And into the charged atmosphere that is Canada’s current grappling with the theocratic urges of its federal government comes this statement by British Columbia’s premier, Christy Clark:
During her informal 50-minute talk before the ethnically mixed audience, Clark discussed what it means to be a lifelong Anglican, her support for “faith-based” social services, her views on same-sex marriage, her commitment to “kindness” and her approach to the Bible.
“For me it’s been kind of an interesting experience to realize, for the first time in my life, that perhaps being a Christian is something that I should not talk about. But I reject that,” the premier said. Saying B.C. has more “declared atheists” than any province in Canada, Clark nevertheless said for her “the most important thing is to go to church every week and be reminded, by someone whom I respect, to be kind … to be compassionate.”
Now, it should be noted that Premier Clark went out of her way to acknowledge that atheists are not less charitable by disposition, and that she raises them only to contrast secular urges to give with the fact that her giving is inspired directly from her Christian beliefs. In so doing, Clark is walking the well-trodden road of the religious moderate – ‘well it works for me, and religion is all about kindness and compassion and puppies and rainbows’. While it provokes naught but eye-rolling from anti-theists like myself, it is likely to resonate with the people of British Columbia who are a rather mushy lot.
This, however, should be a giant red flag:
“I think we should be doing much, much more to involve faith communities in the work that government does, to serve the people,” Clark said, adding that “It’s not going to contaminate us.”
Given what we learned this morning, and given the religious makeup of the parts of the province that aren’t the City of Vancouver (rural BCers are, almost to a one, fundagelical Christians – leaving the city is like entering a parallel universe), this makes me all kinds of uneasy. When elected, Ms. Clark said explicitly that she was going to direct the resources of government to provide services. Now, she seems to have discovered a zeal for allowing the private sector – the religious sector specifically – to play a larger role in such provision.
Now, the generous interpretation of this statement is that Premier Clark sees an opportunity for community-based groups to integrate themselves and get involved in helping their fellow British Columbians. A call to public service is certainly laudable coming from a political leader, and I am totally in support of government empowering individuals and groups to become more involved in volunteerism. Given the context of the conversation – religious belief – and given the fact that church groups often act as de facto community organizations (in many cases offering services to the public), it seems perfectly natural that the Premier would suggest that this is a valid course of action for the government.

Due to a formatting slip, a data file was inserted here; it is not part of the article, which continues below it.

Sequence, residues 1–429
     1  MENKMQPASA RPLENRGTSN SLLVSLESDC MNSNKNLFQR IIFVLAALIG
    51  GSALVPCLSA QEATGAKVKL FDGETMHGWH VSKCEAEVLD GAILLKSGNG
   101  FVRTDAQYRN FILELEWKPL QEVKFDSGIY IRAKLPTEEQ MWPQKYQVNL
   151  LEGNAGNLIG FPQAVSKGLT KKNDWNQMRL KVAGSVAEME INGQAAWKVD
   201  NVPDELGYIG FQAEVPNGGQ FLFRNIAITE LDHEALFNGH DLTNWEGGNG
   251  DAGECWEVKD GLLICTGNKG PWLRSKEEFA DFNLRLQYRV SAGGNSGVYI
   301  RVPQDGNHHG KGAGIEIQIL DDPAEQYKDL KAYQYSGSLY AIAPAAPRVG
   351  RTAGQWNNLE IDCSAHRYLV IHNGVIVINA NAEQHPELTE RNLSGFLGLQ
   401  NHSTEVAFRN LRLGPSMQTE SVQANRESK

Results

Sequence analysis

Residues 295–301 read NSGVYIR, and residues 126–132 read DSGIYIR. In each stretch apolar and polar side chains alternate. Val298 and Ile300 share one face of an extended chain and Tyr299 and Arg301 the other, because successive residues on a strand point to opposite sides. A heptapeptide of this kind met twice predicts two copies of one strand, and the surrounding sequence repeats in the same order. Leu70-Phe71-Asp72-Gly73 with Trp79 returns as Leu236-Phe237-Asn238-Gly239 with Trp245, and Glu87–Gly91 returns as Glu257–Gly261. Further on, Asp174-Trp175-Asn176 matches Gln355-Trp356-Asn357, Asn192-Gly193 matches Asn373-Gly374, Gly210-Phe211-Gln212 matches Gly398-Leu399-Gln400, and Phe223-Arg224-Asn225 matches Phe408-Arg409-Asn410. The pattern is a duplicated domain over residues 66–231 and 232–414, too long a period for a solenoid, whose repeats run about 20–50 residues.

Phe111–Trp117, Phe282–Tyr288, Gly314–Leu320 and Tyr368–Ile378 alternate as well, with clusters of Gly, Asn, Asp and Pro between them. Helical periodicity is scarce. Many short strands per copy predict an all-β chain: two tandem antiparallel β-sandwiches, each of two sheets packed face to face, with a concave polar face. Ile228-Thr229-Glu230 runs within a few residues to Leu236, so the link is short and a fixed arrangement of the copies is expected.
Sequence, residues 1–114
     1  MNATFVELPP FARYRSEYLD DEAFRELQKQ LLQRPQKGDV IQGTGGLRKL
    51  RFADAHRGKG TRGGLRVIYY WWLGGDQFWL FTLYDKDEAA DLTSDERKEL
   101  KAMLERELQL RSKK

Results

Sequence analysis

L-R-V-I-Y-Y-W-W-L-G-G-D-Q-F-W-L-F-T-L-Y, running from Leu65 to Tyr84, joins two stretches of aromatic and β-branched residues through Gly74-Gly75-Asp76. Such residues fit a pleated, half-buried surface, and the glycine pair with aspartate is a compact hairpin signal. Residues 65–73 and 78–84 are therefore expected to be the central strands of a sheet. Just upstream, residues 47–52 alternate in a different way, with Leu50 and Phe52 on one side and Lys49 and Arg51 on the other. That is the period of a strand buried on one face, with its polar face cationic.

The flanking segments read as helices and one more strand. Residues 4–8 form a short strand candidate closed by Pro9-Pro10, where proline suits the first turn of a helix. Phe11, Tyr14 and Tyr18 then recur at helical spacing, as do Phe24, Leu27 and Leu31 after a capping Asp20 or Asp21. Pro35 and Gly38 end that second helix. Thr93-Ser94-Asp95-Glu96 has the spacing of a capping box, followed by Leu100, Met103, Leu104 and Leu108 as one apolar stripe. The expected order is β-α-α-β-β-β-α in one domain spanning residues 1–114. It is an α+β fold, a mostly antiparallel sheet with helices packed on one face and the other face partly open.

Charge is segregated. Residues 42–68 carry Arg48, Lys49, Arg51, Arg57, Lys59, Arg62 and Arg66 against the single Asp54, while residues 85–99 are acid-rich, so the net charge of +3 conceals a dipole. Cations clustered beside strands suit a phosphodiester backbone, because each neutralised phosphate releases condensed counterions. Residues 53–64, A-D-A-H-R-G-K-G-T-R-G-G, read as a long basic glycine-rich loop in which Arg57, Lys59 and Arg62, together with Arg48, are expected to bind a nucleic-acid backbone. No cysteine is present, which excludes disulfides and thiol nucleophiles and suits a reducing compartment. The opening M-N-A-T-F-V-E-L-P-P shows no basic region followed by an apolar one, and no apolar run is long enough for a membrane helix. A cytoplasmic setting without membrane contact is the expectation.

The most cynical and suspicious interpretation notes that this is an election year, and Clark is flailing to shore up any coalition she thinks could possibly re-elect her government (which has been consistently trailing in polls). By reaching out to ‘mushy middle’ religious voters and carefully ensuring that she doesn’t lose the support of the Bible Belt religious believers, this “faith in politics” sop is carefully calculated to ensure that she seems like all things to all voters. It’s also a signal to those who think that secular government is a failed experiment, and that B.C. needs a high priestess in charge, or at least someone who won’t stand in the way of a theocratic agenda.
I have no particular love for Ms. Clark’s government, and find her party’s platform repellent, so my opinion tends to fall pretty squarely along the cynical line rather than the generous one. Wherever the truth lies along a continuum between these two positions, even the cynic in me finds some snarky comfort in this:
When a member of the audience asked, through a written question, why some of Clark’s political policies “contradict the Bible,” the premier retorted that “the Bible contradicts itself.” She added: “I’m an Anglican. This is what we learn in church. The Bible is not a static document. It’s a teaching document. Which is why we debate its contents so vigorously.”
I would imagine that, should she be challenged from the religious right (which is entirely likely – it is on her right flank that she is most vulnerable), this comment will not sit well with folks from the interior. And while it might play well in Vancouver, her policy platform likely will turn off urban voters who are more concerned with the environment and housing than they are with whether their Premier believes that the Bible is literally or metaphorically true (or, complete falsehood). No, if she wants to make a dent in the polls, she’s going to need to find a way to suck up to Vancouver’s woo-soaked hordes and its immigrant population in one fell swoop. But how?
Your government knows that more must be done to ensure we have a health-care system that meets the demands of a population that is both changing and aging. An innovative health-care system must respond to the changing needs of its citizens and embrace practices beyond traditional western medicine. In the months ahead, your government will begin work to create the environment for a school of traditional Chinese medicine at a British Columbian post-secondary institution.
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